xoFood: Winter 1-Pot Meals, Not Really Accurate French Edition

Perhaps the most surprising thing about my first trip to France some years ago was discovering how light much of French food is. However, this is not one of those dishes because F that, we're suiting up for winter.

Feb 2, 2014 at 12:00pm | Leave a comment

In my college years, I worked at the endlessly snotty Pot au Feu in Providence. A high end French restaurant, I was a waitress in the formal salon (we had a bistro downstairs). Even my pathetic excuse for French far surpassed anyone else in the restaurant, including the owner who insisted on pronouncing the name "Part-R-Fir". It was not the least charming aspect of his personality. 

The restaurant, well renowned, gave the false impression many have of French food... that it is heavy and rich and full of sauces and cream. Perhaps the most surprising thing about my first trip to France some years ago was how light much of French food is... the plat de mer, the smoked salmon, the salads. 

This is not one of those dishes because fuck that, suit up for winter. 

Coq-au-vin is simple stewed dish, with chicken, vegetables and duh -- wine. The wine base is enriched with a bit of tomato and the vegetables that are added. Because I no longer can drink wine (a sad, pathetic tale of aging for another day), I make a version with beer.  Classically, its made with potatoes, but the potatoes can be omitted from the stew and then the entire thing served on mashed potatoes. 

This is a simple, delicious dish, all made in one large sautepan. 

Coq-au-Biere Amanda for 2

2 carrots
1 small red onion
1 shallot
3 stalks celery
3 plum tomatoes
2 medium red potatoes
1 bottle of amber beer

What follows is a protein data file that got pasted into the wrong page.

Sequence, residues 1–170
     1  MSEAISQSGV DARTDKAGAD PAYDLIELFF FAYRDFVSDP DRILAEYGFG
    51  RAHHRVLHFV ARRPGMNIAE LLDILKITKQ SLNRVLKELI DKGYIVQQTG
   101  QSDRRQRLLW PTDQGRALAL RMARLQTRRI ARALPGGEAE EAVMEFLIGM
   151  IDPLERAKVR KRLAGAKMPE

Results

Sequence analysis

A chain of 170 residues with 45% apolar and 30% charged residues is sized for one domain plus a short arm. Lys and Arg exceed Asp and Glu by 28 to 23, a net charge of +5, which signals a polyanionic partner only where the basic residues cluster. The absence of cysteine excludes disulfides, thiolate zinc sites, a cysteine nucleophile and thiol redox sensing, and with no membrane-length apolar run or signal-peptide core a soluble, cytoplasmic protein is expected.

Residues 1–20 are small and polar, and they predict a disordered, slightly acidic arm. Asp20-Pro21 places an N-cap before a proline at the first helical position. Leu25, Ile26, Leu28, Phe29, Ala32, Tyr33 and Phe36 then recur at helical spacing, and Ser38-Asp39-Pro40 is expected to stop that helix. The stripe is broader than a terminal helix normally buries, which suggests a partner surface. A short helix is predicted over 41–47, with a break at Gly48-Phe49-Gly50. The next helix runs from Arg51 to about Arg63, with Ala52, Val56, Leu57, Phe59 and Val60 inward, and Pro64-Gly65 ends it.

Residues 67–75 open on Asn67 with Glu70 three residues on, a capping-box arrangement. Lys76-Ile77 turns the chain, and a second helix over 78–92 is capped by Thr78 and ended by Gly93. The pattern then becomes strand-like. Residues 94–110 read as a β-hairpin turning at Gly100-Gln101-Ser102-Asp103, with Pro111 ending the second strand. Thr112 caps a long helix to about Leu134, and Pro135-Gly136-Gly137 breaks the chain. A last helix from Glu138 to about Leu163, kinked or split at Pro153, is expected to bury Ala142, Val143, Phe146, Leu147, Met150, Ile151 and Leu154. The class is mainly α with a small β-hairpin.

1 cup of chicken or vegetable stock
1 tbsp tomato paste
1 tbsp brown sugar
1 tbsp flour
4 skin on chicken thighs (or 1 package of extra firm tofu)

Step 1: Prep your vegetables. Peel the carrots and largely chop them, clean and chop the celery, quarter the potatoes, trim the ends off the tomatoes and then chop, and thickly slice the mushrooms. Throw them all into a bowl. Dice the shallots. 

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Step 2: Heat 3 tbsp of olive oil in a large sautepan. Meanwhile, salt, pepper and season the chicken thighs with any additional herbs you may want. Once the oil is sizzling, add the chopped shallots, and stir for 30 seconds, then lower the temperature to medium high, and add chicken thighs skin down. Allow to cook for 2-3 minutes, until skin is browned. If using tofu, skip the browning, just add tofu and proceed to step 3. 

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add shallots to hot oil

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brown the chicken skin-side down

Step 3: Turn chicken thighs over, and then pour vegetables over the chicken. Pour in a half bottle of beer, and the stock.  Add the tomato paste. If you're using a bitter beer, add in the brown sugar. Allow the pan to come to a rolling boil, and then turn down to simmer. 

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once the chicken is browned, flip it over

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add vegetables to the pan

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Add beer to the pan

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add tomato paste

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add water for stock

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add boullion for stock

Step 4: After 45 minutes, the liquid has reduced. Sprinkle 1 tbsp of flour over the top of the pan and then mix into the pan. Cook for 10 more minutes and then turn stove off. Season with salt and pepper and serve. If using tofu, cut cooking time in half. 

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simmer until the liquid you see above is vastly reduced. 

Again, serving this over mashed potatoes would not be a bad thing, even rice would be delicious. If you do, remove the red potatoes from the recipe. And if you love red wine, you can certainly use it instead of the beer, but I think the beer gives it a fresh, modern take.

This is an easy dish to reheat, and most of the alcohol is cooked out, so no worries about knocking about work drunk.  

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finished pot au bierre

Since we're playing fast and loose, feel free to add different or additional vegetables: artichokes, turnips, parsnips, etc. 

Voulez-vous cuisiner avec moi, ce soir?